When the Canucks defeated the Bruins 3-2 in overtime of Game 2 last Saturday night, Vancouver grabbed a 2-0 lead in the Stanley Cup Final. All the talk surrounding the series seemed to be about whether the Canucks could complete the sweep.
By the end of Game 4 on Wednesday night, Boston had demonstrated the series is not over -- in fact, it's far from it. After two close losses in Games 1 and 2, the Bruins emphatically stormed back to tie the series, winning a pair of games at TD Garden in dominant fashion.
Boston outscored the Canucks 12-1 in Games 3 and 4, including a 4-0 shutout in Game 4 in which goalie Tim Thomas turned aside 38 shots.
So with the series shifting back to Vancouver for Game 5 on Friday night, all the momentum seems to be on the Bruins side.
Bruins: Thomas has been the backbone for the Bruins' comeback in the series, but his offense has been giving him plenty of help.
Thomas' 38-save shutout in Game 4 increased his save total in the 2011 playoffs to 701. Only one goaltender has stopped more pucks in one playoff season -- Vancouver's Kirk McLean during the Canucks' run to the Stanley Cup Final in 1993-94. Thomas has been sensational throughout the Final -- producing a highlight-reel worthy save seemingly every period -- and he's a large reason why the Bruins have a chance to win the series.
Meanwhile, Boston's offense has stepped up big time. After scoring just two goals in the first two games combined, the Bruins have erupted for 12 goals in the last two games.
Filling in for Nathan Horton -- Boston's second-leading scorer who is sidelined for the rest of the series with a severe concussion -- doesn't seem to be a problem. Rich Peverley, who took Horton's spot on the top line, scored two goals for the Bruins on Wednesday night.
Canucks: Not much is going well for the Canucks right now.
Vancouver's 2-0 lead in the Stanley Cup Final has vanished, and there's plenty of blame to spread around. Henrik Sedin and Daniel Sedin, who combined for 198 points in the regular season, have only two points in the series. Combined, they're a minus-3 in the four games and had only six shots in the two losses at TD Garden.
Meanwhile goaltender Roberto Luongo was pulled early in the third period of Game 4, and the Vezina Trophy finalist struggled mightily after the series shifted from Vancouver to Boston.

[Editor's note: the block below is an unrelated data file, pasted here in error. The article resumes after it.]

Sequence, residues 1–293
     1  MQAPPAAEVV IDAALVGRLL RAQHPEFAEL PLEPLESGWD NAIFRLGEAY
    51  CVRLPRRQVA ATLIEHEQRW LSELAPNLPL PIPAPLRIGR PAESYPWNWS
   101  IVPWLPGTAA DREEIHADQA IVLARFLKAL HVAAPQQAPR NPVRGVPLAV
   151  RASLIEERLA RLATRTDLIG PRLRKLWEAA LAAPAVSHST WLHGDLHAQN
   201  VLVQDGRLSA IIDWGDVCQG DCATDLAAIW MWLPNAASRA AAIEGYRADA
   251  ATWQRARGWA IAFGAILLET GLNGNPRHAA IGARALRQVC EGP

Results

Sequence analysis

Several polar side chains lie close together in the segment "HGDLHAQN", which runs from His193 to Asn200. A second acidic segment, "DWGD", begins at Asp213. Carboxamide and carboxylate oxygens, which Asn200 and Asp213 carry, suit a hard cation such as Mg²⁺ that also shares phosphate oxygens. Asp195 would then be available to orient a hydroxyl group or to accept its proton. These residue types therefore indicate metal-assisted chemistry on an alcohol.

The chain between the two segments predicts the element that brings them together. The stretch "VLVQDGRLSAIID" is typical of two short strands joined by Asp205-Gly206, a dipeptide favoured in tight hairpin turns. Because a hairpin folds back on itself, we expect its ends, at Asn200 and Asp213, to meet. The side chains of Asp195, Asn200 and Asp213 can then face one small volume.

In Game 3, Luongo allowed eight goals on 38 shots while in Game 4, he surrendered four goals on 20 shots before being pulled in favor of backup Cory Schneider with 16:21 remaining.
However, the Canucks aren't pointing fingers at Luongo, just as they aren't laying the blame on the Sedins, either. They insist that, as a group, they collectively need to get better to bring the Cup back to Canada.
"This is a team," center Manny Malhotra said. "Especially in playoff hockey, you're not pointing fingers anywhere. [Luongo] did a great job making some big saves for us, but we just made too many errors in front of him."
Who's hot: Thomas recorded his third shutout of the playoffs Wednesday night and is inching closer to the all-time record of most saves in a single postseason. The Bruins are 6-0 in the playoffs when Thomas stops 35 or more shots. … Bruins forward David Krejci has recorded five points in the last three games, including two assists in Game 4 and a goal and an assist in Game 3. … Vancouver's Maxim Lapierre has won 18 of 27 faceoffs (67 percent) in the last two games.
Injury report: Vancouver defenseman Dan Hamhuis has missed the last three games with a lower-body injury. … Boston's Nathan Horton is out for the remainder of the series with a severe concussion he sustained from a hit by Canucks defenseman Aaron Rome in Game 3. Rome is also out for the remainder of the series after being suspended four games for that hit.
Stat pack: Home teams are 4-0 in the Stanley Cup Final for the third consecutive season. In the 20 years prior to 2009, the home team won the first four games just once -- in 2003 when New Jersey beat Anaheim in a series that saw the home team win all seven games. ... With Boston's 4-0 win in Game 4 at the TD Garden, home teams improved to 15-2 in the Stanley Cup Final since 2009.
Puck drop: "It's 2-2 and that's the way you look at it. They won their two at home and we won our two, so it looks like it could be a homer series and luckily we have two of the next three at home." -- Vancouver defenseman Kevin Bieksa